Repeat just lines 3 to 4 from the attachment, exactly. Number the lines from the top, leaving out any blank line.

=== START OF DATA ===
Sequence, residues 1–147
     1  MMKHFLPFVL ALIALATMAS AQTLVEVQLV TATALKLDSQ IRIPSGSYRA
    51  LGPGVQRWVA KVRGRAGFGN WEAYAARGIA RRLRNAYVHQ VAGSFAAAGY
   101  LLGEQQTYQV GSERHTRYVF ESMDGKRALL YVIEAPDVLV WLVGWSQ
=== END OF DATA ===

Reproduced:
    51  LGPGVQRWVA KVRGRAGFGN WEAYAARGIA RRLRNAYVHQ VAGSFAAAGY
   101  LLGEQQTYQV GSERHTRYVF ESMDGKRALL YVIEAPDVLV WLVGWSQ